The Royal Bank of Canada has thrown its considerable weight behind the adoption of stringent and rising carbon prices that would be high enough to drive this country's transition to a low-carbon economy.
"In our view at RBC, carbon should be priced at a level to create long-term behavioural change and to ensure polluters pay, as we all move toward low-carbon targets," John Stackhouse, a senior vice-president at the bank, told a climate conference in Ottawa on Wednesday.
But carbon levies alone will not be enough to drive the economic transformation that is needed to keep pace in a carbon-constrained world, he said. "We also need smart and targeted complementary approaches, including flexible regulations and public investment."
Mr. Stackhouse said Canadian companies and governments need to fully engage in the clean-energy transition, which represents a more massive global economic project than even post-Second World War reconstruction.
"This is our Apollo mission, if we seize the moment. It could be our Titanic if we don't," he said.
A former editor of The Globe and Mail, Mr. Stackhouse is now vice-president at Canada's largest bank, advising its top executives on strategic issues. He was speaking at the North American Climate Forum, which brought together experts from Canada, the United States and Mexico on continental climate co-operation.
U.S. President Barack Obama and Mexican President Enrique Pena Nieto will visit Ottawa next week for a leaders' summit, with climate change high on the agenda.
While speakers in Ottawa laid out visions for trilateral co-operation on Wednesday, the federal government is still working with provinces and territories to fashion a pan-Canadian approach that would include minimum carbon prices in all provinces, and joint efforts to cut emissions and promote the development of clean technology.
Carbon pricing has emerged as a key sticking point. Saskatchewan and Nova Scotia have resisted Ottawa's proposal for a minimum price, while Ontario and Quebec – which have adopted cap-and-trade plans – are worried the federal government will layer on another tier of taxes and distort the market they will share with California.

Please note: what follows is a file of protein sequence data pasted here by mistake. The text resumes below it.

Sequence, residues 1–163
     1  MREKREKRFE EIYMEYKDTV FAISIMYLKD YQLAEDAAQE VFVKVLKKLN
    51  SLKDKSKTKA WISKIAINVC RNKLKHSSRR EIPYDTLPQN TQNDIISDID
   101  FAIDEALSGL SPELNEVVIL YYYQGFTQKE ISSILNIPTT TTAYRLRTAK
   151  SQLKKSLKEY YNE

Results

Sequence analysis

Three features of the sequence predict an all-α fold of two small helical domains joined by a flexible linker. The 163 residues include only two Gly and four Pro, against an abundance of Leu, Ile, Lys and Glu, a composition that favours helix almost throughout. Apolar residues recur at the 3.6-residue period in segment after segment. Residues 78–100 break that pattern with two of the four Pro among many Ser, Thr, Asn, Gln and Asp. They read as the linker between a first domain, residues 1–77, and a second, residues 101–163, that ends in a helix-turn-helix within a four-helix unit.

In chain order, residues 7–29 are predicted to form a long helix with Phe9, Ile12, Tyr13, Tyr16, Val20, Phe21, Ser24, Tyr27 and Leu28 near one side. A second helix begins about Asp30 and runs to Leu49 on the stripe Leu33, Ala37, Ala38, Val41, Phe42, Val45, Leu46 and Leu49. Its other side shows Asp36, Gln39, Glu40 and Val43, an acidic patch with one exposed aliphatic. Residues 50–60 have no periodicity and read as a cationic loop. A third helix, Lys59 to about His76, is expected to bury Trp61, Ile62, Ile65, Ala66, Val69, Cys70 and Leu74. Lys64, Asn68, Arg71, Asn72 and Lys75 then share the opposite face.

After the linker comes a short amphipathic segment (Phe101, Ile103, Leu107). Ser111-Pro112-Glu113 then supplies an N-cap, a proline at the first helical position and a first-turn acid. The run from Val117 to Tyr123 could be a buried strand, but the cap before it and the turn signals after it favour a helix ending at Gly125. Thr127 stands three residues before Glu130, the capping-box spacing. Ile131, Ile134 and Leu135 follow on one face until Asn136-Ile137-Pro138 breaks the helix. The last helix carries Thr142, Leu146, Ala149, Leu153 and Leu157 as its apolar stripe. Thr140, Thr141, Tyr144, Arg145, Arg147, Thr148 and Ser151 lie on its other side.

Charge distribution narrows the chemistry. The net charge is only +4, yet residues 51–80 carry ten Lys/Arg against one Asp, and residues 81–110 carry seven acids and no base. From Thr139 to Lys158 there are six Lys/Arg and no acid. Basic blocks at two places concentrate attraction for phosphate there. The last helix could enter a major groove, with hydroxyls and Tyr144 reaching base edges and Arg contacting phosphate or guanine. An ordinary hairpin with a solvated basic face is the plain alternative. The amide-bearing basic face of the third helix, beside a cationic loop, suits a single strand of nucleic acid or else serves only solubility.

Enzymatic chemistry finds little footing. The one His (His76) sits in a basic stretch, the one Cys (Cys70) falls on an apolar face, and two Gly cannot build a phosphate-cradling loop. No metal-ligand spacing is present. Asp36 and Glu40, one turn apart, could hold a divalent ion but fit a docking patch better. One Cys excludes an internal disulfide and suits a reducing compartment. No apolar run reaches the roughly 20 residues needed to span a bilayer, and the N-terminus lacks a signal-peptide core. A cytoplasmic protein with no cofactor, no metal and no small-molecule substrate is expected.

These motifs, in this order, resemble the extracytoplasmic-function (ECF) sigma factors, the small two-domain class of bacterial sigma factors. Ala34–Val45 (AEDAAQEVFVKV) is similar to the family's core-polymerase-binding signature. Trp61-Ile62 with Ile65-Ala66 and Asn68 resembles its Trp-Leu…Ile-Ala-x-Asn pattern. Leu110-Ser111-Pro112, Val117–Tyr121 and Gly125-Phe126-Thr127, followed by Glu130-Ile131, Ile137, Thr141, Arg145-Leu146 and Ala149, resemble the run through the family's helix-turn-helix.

Supporters of the cap-and-trade approach argue it delivers greater certainty concerning future emissions reductions, while those advocating a carbon tax point to its relative simplicity. Mr. Stackhouse said RBC would prefer a tax because the revenue is more predictable and can more directly affect behaviour.
Canada is not on track to meet its 2020 targets of reducing greenhouse gas emissions by 17 per cent below 2005 levels by 2020, and will require greater effort – even with ambitious policies announced in Ontario and Quebec over the past year – to hit the 2030 goal of a 30-per-cent reduction.
Mr. Stackhouse rejected the view espoused by many environmentalists that Canada's climate commitments are incompatible with the ongoing development of oil and natural gas assets. He added, however, that the resources should be produced with as low an environmental footprint as possible and that some portion of the revenues should be reinvested to accelerate the transition to a clean-energy economy.
More broadly, there is "an urgent need" for innovation in how Canadians produce and consume energy, both to ensure the economy's long-term competitiveness and to take advantage of the vast global opportunities that emerge in the transition, he said.
Governments need to find ways to encourage more equity financing for clean-tech companies – perhaps through tax credits – to drive more mainstream companies to adopt clean-tech technologies, and to allow the sector to attract and retain global talent, he added.